At the beginning of each turn a number of player order tiles is available for auction, and whereas the tiles with the lower number mean an earlier position in the player order the tiles with the higher numbers give rebates on the purchase of new tiles for the factory halls. Following the reverse order of play from the previous round, the players now undergo a short and straightforward auction phase in which they can bid workers to obtain a certain player order tile, and at the end of the auction phase each player has a tile and the new order for the following phases of the round is determined. The workers which were used for bidding are not available for the player for the rest of the round.

The players then step forwards into the market phase where it is determined which factory tiles are available for purchase. All tiles available in the game are arranged on an overview board in form of a clipboard, and they are divided into columns of tiles of the same kind with the cheaper tiles at the bottom of the column and the more expensive tiles in order on the higher spaces. However, this clipboard is not the market, but instead each player now moves tiles from the clipboard to a market area, with the number of tiles corresponding to the number of available workers the player still possesses. Tiles which are moved to the market always must come from the bottom of a column, so that the more expensive tiles only can be reached by moving the cheaper ones into the market as well. However, as an additional hurdle tiles do not remain in the market, but instead every tile which is not purchased in the following phase will be moved back onto the clipboard at the end of the round. Thus, the players always face an empty market which must be filled.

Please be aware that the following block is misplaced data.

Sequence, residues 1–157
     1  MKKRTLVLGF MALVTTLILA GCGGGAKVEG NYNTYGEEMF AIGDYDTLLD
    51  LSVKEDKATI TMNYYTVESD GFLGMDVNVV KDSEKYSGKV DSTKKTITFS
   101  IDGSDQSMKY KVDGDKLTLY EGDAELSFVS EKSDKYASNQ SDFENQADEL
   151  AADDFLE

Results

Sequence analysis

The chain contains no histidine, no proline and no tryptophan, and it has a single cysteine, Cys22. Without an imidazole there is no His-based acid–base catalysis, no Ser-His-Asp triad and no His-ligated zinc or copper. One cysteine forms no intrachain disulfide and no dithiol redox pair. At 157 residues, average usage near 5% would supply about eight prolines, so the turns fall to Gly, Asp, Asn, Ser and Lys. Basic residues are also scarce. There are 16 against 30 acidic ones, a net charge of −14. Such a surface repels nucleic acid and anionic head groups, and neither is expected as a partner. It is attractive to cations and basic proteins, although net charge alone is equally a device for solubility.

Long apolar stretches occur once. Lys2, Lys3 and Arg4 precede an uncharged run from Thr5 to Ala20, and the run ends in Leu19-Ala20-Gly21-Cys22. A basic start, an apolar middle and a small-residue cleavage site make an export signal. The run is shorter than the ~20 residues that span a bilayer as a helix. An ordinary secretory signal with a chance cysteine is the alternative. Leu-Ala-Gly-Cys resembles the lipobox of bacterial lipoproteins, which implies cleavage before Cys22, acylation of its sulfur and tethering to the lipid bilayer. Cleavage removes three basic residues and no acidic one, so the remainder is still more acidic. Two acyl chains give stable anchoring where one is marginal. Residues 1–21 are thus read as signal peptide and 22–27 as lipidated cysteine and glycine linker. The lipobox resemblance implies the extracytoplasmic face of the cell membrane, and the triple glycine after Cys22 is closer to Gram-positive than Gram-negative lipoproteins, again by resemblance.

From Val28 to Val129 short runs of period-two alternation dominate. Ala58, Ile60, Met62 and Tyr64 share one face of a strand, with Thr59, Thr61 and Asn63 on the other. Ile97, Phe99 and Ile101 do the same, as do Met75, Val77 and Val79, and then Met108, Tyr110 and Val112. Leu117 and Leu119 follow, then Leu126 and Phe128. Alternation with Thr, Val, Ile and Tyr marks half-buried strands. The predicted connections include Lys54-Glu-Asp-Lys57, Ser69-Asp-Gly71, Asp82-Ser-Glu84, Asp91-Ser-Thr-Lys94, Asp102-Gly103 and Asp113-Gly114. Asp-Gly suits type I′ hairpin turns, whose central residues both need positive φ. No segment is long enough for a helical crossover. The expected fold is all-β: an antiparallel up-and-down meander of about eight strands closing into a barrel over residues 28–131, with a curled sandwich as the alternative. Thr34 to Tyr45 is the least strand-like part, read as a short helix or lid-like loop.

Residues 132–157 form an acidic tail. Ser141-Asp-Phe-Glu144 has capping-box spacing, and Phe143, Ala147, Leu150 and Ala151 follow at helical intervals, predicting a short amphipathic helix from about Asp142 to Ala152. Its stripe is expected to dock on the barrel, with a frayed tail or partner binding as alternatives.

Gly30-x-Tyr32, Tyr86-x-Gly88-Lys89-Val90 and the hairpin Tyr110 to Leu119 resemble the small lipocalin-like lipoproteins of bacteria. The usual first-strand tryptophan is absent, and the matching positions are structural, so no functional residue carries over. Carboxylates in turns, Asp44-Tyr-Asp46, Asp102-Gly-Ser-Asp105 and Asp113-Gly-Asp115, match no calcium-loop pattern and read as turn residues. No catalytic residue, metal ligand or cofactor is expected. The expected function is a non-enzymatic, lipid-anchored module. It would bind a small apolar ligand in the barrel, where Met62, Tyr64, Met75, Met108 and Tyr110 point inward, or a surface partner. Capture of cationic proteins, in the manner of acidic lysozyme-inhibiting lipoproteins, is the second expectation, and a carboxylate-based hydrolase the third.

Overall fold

The order in which the players may acquire machinery, computers, robots and storage tiles from the market was decided by the auction of the order tiles, and now the player with the lowest ranking tile is allowed cherry-pick. The other players follow in order, but naturally their choice of available tiles is getting more restricted. However, possession of a higher order tile also has its good side, since the higher numbered order tiles actually give their holders a rebate which can be applied to all purchases which the player makes during this market phase.

As indicated, the newly acquired tiles cannot simply be placed into a player's factory, but instead a free worker must be used to install the new tile. If all spaces in the factory are filled with tiles, an additional worker needs to be spent in order to disassemble an already mounted tile in order to make space for the instalment of the new tile.

The fact that the game only lasts for five turns puts an enormous amount of pressure on the players, since each and every worker is so valuable that a player cannot afford a hasty move. Thus, the players spend quite a bit of time constantly updating their cost-benefit analysis, and especially newcomers will make some painful experiences if they have not yet mastered the delicate interdependence between the different uses of the free workers. In a way, this high strategic level is boon and bane at the same time, since the players who have overcome this initial hurdle will be awarded with a well-constructed optimization-game.

Even author Friedemann Friese seems to have come to this conclusion, since the first page of the rules actually displays a short commentary in which he tries to boost the morale of new players by giving the advise not to play with the maximum number of players right from the beginning. And indeed, if all seats are taken the coaction of turn order and market mechanism can have devastating effects for an unwary player, so that it is wise to learn Fabrikmanager with a lower number of players. However, if you generally like challenging games of optimization, do not by put off by those first pitfalls. Grit your teeth and work yourself up from the position of apprentice boy right to the manager's seat, since the world of Fabrikmanager looks much brighter once you have finished your apprenticeship!

Looking for this game? Visit Funagain Games!

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Copyright © 2010 Frank Schulte-Kulkmann, Essen, Germany